Onions/ Leeks

mocc625(MO zone 5)February 22, 2014

Hi --

I have been reading on here off and on for a while, and am fairly new to market growing (starting year 3).

Last year hubby asked me to grow candy onions -- not having a real clue - I just bought some seed... and grew some onions -- started them late, let the weeds get ahead of me --- and still was pretty happy with how they turned out. But not the lovely, large onions I was aiming for

My question is this -- when do most of you start onions and leeks from seed to go in a tunnel or in beds outside? I am a zone 5 --

we tried some onion plants this year from Dixondale - they went in about mid Jan -- still not happy with how they look - no real growth or even much "greening up" ???
just put leeks in a few days ago --- too early to say much about those

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jrslick (North Central Kansas, Zone 5B)

You planted onions outside from Dixondale, in January, in zone 5? Personally I believe you planted 2 months early. I am in north central ks and I plant my onions, into a movable high tunnel in early to mid March and outside in early April. Last year I planted in early Febrary and we had lots of bolting.


    Bookmark   February 23, 2014 at 12:51AM
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question, areyou planting long day or short day onions. I know Candy is a day nuetral but most are either long or short day and you need long day onions.

Plants go out in mid March through Mid May (earlier the better. Seeds go in the ground in Jan or Feb.) Though if you are using a hoop house than they should be just fine being planted as early as February.

Leeks will need to go in a 6" deep trench that will be filled in over the season, much like establishing a bed of asparagus, for nice long , white shanks

For big onions they need space and you have keep them well weeded or they will not get full sized

    Bookmark   February 23, 2014 at 3:51AM
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i started my onion/leek/shallot seed in january to be planted sometime in early march or as soon as possible.
i have overwintered onions and leeks in the HT. they should be ready to harvest over the next few weeks.

    Bookmark   February 23, 2014 at 4:45AM
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Don't onions need lots of consistent water? I've never had onions to 'size' up and have blamed it on no irrigation to them.

    Bookmark   February 23, 2014 at 9:26AM
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mocc625(MO zone 5)

Well I did plant in a tunnel, but its sounding like I planted too soon especially this winter - with the harsh temperatures we have had

Randy - what zone are you ? I did over winter some onions in the tunnel that we planted late Oct - they look pretty good -- was wondering how soon they would be ready to come out?? (they are candy onions)

as far as the varieties - I did check with the folks at Dixondale they said the varieties should be fine where I am (which is a 5B on some maps) but did the Red Candy and a Cipponlini

    Bookmark   February 23, 2014 at 10:46AM
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this is zone 6. i try to feel under the soil to check their size and pull them based on that. these will be green onions. i plan to check them when i next pick for the market which will be friday this week. i did this last year on a smaller scale but planted them later and started selling them in april. this year there's different varieties planted.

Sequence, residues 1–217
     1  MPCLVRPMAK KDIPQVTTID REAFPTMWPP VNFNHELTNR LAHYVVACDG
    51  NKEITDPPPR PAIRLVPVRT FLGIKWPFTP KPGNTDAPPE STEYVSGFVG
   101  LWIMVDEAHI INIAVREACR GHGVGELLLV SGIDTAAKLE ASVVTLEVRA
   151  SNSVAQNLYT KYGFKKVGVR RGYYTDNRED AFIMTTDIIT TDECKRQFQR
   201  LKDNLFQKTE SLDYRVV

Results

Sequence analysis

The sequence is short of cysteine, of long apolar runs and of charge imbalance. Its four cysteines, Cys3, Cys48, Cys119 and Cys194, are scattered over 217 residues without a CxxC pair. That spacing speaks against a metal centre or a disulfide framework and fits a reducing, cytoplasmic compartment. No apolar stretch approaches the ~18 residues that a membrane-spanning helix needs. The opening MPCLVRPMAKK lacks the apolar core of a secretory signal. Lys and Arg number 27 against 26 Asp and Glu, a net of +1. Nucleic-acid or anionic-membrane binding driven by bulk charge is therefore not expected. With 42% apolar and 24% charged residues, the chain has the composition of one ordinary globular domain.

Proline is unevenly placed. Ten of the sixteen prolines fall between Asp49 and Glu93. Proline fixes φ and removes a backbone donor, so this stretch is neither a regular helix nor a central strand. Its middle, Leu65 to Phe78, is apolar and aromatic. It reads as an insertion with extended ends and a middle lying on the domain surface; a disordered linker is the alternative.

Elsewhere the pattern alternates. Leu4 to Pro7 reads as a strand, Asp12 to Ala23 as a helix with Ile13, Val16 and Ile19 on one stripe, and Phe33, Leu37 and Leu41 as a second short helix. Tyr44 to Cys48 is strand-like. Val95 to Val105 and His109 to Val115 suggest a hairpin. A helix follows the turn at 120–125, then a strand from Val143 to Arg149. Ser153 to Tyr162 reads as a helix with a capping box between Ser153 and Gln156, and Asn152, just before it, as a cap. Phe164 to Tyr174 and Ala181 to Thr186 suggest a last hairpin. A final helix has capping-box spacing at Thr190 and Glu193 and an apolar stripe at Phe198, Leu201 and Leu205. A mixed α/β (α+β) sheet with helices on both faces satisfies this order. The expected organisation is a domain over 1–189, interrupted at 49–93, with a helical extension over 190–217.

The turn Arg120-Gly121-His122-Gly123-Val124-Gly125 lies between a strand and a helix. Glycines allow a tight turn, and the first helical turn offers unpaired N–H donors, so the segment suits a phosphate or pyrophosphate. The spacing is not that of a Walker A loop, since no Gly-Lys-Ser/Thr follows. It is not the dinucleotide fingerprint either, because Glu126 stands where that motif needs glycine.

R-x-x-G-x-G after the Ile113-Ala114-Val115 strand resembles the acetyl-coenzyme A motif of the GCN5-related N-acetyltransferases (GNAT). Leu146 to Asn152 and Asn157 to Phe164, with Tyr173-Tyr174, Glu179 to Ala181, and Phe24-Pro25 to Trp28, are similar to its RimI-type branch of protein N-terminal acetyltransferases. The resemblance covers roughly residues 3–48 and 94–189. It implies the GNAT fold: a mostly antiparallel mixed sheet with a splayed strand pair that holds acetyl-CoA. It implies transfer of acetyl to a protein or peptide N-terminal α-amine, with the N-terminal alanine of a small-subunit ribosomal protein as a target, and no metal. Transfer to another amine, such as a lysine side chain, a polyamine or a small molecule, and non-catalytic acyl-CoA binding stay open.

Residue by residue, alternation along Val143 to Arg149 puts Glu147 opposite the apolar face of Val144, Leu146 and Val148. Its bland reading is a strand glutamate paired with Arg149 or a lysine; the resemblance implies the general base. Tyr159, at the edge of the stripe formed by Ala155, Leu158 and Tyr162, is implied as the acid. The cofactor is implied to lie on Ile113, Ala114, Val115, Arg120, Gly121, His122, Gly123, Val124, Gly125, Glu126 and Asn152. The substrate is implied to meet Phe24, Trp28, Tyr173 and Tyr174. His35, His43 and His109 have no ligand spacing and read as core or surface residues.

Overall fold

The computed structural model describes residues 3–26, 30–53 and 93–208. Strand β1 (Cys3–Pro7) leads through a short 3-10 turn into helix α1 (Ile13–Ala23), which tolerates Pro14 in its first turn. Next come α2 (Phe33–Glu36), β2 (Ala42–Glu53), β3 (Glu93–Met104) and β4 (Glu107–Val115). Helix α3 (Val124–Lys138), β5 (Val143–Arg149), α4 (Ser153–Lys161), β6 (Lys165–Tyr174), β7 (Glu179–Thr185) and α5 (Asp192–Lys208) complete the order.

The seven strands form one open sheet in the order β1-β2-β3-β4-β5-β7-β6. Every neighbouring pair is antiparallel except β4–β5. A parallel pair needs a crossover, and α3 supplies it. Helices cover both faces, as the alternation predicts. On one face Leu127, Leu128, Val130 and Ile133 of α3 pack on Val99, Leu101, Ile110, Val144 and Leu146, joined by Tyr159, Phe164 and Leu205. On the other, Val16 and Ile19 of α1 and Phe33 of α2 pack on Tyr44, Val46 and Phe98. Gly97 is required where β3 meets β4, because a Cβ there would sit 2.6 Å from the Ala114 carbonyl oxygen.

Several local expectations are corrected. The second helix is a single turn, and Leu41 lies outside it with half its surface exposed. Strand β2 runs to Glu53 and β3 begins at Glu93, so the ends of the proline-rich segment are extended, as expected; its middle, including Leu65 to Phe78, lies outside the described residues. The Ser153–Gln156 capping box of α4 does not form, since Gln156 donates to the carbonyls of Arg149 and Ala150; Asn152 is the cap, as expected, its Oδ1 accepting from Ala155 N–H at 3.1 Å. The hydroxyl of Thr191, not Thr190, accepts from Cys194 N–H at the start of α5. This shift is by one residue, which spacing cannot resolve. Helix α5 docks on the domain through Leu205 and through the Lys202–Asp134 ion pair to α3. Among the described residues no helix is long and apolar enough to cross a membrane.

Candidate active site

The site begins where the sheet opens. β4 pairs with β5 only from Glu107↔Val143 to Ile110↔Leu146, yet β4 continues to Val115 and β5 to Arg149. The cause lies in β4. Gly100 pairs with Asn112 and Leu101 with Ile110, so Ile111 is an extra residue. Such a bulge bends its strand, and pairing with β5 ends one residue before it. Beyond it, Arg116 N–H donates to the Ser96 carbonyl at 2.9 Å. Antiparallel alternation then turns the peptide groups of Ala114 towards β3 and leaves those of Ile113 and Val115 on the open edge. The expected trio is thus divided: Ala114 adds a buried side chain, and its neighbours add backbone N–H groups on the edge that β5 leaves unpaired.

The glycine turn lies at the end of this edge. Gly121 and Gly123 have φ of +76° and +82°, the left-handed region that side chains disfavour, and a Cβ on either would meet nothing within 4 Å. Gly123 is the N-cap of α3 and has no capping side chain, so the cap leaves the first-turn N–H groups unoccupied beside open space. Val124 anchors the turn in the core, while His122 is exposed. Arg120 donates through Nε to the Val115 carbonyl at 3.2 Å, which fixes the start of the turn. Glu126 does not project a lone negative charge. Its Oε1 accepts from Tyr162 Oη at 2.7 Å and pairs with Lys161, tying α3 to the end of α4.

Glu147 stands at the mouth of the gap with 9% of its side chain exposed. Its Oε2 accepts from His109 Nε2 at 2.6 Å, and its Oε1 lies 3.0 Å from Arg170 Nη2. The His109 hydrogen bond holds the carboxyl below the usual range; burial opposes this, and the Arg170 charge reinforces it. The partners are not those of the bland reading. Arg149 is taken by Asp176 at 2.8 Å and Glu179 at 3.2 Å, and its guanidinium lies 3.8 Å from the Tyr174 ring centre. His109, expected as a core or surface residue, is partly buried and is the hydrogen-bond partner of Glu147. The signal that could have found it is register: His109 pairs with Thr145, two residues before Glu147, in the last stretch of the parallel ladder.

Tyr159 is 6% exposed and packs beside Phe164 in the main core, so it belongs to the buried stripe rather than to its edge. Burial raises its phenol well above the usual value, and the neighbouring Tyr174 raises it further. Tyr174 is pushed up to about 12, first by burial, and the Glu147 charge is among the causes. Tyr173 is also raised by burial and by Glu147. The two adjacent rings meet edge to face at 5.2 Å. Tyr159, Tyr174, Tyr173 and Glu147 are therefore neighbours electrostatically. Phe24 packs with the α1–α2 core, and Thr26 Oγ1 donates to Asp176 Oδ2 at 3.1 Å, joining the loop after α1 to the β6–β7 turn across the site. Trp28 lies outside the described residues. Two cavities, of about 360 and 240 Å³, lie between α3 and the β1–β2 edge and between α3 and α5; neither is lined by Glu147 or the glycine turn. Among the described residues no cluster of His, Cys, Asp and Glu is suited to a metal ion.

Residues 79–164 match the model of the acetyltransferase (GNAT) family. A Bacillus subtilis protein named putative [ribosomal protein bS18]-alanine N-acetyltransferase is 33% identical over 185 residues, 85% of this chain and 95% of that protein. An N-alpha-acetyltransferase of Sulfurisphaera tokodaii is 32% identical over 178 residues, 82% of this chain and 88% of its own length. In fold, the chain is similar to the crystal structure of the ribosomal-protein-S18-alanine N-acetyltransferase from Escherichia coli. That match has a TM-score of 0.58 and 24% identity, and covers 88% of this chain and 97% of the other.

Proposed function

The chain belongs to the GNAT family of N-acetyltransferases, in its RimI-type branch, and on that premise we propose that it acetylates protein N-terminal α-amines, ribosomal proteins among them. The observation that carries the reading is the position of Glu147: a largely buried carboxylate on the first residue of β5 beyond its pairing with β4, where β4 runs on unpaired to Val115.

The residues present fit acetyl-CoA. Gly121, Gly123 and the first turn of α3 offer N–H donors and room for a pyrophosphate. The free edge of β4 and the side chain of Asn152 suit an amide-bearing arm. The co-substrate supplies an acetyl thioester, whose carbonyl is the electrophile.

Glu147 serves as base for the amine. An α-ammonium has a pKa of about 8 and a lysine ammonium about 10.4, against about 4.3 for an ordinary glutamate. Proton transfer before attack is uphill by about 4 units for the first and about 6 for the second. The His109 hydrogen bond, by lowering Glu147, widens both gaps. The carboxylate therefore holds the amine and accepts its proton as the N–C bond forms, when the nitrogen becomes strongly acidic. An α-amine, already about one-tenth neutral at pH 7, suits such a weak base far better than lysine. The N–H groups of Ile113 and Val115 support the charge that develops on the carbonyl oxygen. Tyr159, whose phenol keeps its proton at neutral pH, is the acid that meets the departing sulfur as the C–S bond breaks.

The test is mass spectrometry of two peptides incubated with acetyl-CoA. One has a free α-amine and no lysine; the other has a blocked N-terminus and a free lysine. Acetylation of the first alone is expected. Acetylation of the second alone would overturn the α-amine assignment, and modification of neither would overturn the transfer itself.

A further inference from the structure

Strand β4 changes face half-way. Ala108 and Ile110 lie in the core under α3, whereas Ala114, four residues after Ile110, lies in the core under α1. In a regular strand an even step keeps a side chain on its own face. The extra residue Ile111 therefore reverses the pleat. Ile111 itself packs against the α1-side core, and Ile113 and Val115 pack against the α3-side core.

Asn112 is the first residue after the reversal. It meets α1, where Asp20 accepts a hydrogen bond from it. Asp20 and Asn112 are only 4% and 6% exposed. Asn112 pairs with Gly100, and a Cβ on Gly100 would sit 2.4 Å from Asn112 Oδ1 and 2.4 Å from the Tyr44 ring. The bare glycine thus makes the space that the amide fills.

Bookmark   February 23, 2014 at 2:02PM
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Seems like with hoop houses some of you could do short day onions , neutral or intermediate , and long day onions? As long as the plants are passing through 12 hours at good size wouldn't that give you good bulbs?

    Bookmark   February 23, 2014 at 3:55PM
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jrslick (North Central Kansas, Zone 5B)

I planted short day onions last year, planted early February and honestly they didn't produce any earlier than the intermediate onions in the bed next to them. They did bolt much more than the intermediate ones though. This was in an unheated high tunnel and in one movable tunnel. I probably won't do it again. I thought the same thing, plant earlier and get them bigger and have earlier onions. Also we had a baby in early March and I knew my work days were going to be limited.


    Bookmark   February 23, 2014 at 4:55PM
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you need long day onions to get the big ones as they will grow up to the solstice. short day onions quit growing when the days get over 12 or 13 hours and than they bolt. they rarely get big. maybe if they were grown between September and April in a greenhouse they might work

    Bookmark   February 23, 2014 at 6:30PM
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Mark(Oregon, Zone 8)

Here in zone 7/8 we overwinter short day onions and on good years they can get huge. The also are consistently 1 1/2 month earlier than February seeded long day onions.
I've never tried planting them in a hoop, I can't get enough money for them to justify that.

    Bookmark   February 24, 2014 at 2:07AM
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of course in zone 7/8 you would get big short day onions but zone 6 and northward you need long day onions to get big onions

    Bookmark   February 24, 2014 at 4:23AM
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Mark(Oregon, Zone 8)

For clarity, I am north. 45.52 to be specific. It's not always about the degree, but about how early you can get them to size up before bulbing triggers.
These were harvested the first week of June. My long days were dug towards the end of July.

This post was edited by madroneb on Mon, Feb 24, 14 at 11:49

    Bookmark   February 24, 2014 at 11:43AM
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